Hickey Home Page

42.298.02  Historiography and Historical Methods

Spring 2010 

M. Hickey  Old Science Hall Office 130  389-4161 mhickey@bloomu.edu

Office Hours:  T-Th. 2:00-3:30; Weds 5:00-6:00 (or by appointment)  

Navigation links for this syllabus:

Weekly Schedule of Assignments (LISTS DUE DATES)  


Link to the Library Assignment



This course has two basic components.  The first is an introduction to the branch of historical inquiry known as Historiography.  The second is an introduction to basic historical research methods.

Historiography is the history of historical writing.  We will examine changes in the ways that western civilizations have understood the history's meaning and purposes.  Understanding historiography is critical to understanding a culture's intellectual history.  But it also is integral to doing historical research.

Historians ask questions about the past, which they try to answer based on research.  A good historian knows how to read for argument, ask historical questions, and find historical sources. 

"Read for Argument!"  "Ask Historical Questions!"  "Find Relevant Sources!."  Much of your course work will be devoted to sharpening these critical skills. 

This course is a pre-requisite for 42.398, Research and Writing.  The skills you develop are essential to 42.398.  But they also are essential to all your upper-level history courses. 

The assignments in this course are designed to meet five objectives: 

1) understand how history has evolved as a scholarly discipline

2) understand how to read secondary sources for argument

3) understand how to use basic historical research tools

4) understand how to define and clarify historical research topics and questions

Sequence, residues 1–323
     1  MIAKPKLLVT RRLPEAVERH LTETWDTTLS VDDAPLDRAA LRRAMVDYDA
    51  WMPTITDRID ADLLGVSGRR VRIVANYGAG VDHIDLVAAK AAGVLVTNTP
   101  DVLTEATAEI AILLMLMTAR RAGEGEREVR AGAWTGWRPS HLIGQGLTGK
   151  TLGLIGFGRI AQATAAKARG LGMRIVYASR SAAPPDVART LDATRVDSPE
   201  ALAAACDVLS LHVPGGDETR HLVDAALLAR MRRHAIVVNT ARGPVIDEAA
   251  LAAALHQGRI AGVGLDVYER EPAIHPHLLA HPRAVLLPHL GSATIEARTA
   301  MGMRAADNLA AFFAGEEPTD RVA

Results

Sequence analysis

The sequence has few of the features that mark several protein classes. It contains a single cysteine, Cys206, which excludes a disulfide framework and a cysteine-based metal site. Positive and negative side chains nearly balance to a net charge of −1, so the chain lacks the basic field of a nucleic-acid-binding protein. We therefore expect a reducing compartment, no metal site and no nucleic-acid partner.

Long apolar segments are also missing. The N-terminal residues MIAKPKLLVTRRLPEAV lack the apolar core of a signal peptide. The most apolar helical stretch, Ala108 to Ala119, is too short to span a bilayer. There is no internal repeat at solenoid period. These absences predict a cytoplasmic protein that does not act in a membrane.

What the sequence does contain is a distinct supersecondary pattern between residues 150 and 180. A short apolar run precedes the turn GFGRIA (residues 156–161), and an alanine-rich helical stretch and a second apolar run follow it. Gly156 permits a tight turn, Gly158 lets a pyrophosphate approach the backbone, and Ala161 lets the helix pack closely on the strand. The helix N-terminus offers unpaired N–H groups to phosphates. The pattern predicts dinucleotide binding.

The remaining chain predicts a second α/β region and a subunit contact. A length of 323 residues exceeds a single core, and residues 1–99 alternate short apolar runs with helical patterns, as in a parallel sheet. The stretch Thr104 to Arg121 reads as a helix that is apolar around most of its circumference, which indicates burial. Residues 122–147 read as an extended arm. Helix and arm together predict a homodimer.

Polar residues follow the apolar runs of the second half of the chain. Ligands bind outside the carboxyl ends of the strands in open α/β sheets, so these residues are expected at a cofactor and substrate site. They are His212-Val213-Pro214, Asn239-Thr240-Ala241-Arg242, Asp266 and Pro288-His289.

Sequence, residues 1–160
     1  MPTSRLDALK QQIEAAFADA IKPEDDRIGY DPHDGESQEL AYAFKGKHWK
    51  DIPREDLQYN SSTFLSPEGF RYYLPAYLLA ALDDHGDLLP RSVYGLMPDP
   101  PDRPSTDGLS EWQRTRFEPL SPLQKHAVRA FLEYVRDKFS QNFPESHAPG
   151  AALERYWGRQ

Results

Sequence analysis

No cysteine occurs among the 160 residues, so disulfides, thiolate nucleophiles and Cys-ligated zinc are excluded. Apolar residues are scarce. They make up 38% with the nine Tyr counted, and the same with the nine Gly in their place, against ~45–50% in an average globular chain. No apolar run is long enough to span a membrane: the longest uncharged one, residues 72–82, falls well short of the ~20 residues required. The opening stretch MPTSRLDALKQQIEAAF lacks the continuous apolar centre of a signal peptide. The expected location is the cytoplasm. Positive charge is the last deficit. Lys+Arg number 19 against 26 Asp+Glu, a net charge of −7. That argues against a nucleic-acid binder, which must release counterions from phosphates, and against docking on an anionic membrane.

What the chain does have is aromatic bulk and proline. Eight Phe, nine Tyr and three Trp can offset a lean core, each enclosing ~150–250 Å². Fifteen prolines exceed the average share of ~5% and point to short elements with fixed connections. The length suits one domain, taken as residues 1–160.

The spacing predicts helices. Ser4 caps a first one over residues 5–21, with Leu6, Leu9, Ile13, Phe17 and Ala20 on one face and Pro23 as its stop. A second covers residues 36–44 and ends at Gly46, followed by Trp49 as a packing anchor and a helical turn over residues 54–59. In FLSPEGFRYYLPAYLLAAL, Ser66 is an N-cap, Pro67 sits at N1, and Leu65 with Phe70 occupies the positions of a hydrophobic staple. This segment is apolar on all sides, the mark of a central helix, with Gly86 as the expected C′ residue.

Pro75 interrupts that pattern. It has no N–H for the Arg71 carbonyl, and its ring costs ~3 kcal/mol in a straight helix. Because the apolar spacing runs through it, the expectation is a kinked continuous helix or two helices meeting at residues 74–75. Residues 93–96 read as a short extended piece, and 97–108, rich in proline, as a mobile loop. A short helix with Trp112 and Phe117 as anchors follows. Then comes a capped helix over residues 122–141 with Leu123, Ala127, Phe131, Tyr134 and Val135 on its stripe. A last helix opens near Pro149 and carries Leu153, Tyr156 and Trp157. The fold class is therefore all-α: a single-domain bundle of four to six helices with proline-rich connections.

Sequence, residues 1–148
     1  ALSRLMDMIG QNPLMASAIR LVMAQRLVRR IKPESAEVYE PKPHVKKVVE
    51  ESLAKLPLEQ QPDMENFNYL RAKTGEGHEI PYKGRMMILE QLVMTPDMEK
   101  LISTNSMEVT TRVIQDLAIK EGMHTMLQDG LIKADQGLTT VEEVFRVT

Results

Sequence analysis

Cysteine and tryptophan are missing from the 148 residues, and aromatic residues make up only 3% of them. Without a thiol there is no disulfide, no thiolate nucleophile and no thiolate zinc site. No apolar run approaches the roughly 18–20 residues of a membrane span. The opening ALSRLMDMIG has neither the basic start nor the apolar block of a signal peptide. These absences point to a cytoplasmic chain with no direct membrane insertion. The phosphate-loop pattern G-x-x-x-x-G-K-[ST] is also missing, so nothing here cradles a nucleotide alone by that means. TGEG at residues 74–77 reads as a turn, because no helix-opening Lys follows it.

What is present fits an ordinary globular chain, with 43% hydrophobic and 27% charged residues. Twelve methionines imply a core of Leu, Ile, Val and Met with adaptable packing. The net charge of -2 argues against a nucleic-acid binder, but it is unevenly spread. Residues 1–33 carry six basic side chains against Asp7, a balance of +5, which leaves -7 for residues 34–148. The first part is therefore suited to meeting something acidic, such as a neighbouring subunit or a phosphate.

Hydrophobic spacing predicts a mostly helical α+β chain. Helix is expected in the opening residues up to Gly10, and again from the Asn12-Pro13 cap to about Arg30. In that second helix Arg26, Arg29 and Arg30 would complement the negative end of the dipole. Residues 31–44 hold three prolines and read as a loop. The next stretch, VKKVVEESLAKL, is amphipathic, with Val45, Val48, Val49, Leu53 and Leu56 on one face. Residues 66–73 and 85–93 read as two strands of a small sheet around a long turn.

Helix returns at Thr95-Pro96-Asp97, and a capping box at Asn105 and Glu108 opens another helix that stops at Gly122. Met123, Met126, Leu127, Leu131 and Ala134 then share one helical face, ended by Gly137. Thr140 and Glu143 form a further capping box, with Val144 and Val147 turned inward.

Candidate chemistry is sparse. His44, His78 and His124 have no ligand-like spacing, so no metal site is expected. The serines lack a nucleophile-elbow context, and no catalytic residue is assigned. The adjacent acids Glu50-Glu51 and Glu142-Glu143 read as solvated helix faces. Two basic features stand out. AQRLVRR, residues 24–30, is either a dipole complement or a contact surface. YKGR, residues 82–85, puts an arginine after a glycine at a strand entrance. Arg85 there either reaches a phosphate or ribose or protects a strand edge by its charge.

5) understand how to organize the first stages of a historical research project. 

The course will culminate in planning your own individual research project. 


Required Texts:

Joyce Appleby, Lynn Hunt, and Margaret Jacob, Telling the Truth About History (New York:  Norton, 1995).

Mary Lynn Rampolla, A Pocket Guide to Writing in History, 6th Edition (Boston:  Bedford-St. Martins, 2010).

HIGHLY RECOMMENDED:  Andrea Lunsford, Easy Writer, 4th Edition (Boston: Bedford-St. Martins, 2010)


Course Grade Scale:

A grade of "A" in this course means that your cumulative score on assignments equals 93 percent or more of possible points. A-=90-92; B+=88-89; B=83-87; B-80-82; C+=78-79; C=73-77; C-=70-72; D+= 68-69; D=60-67.

Your grade will be based upon:

Class Participation (10 percent)

A Multi-Part Library Assignment (total of 10 percent)

Definition of Historiographic Topic (5 percent)

Revised Historiographic Reading List (5 percent)

Definition of Research Question (5 percent)

Common Reading Précis Assignment (5 percent)

Individual Reading Précis Assignment 1 (5 percent)

Individual Reading Précis Assignment 2 (5 percent)

Primary Source Locator Assignment (10 percent)

Historiographic Essay (20 percent)

Research Proposal (20 percent).   

Absence/Late Paper Policy:  I will consider absences "excused" only in cases of medical, family, or university/work-related events.  Students must inform me of the absense in advance in writing.

I will not accept late papers or give "make up" assignments for unexcused absence. 


Paper Form

All papers for this course must be written in 12 point Times Roman font, with one inch margins.  Type your name in the top right hand corner of the first page.  All pages must be numbered.  Staple papers in the top left hand corner. 

Do not "double-skip" between paragraphs! 

All quotations must be placed in quotation marks (except in the case of bloc quotations).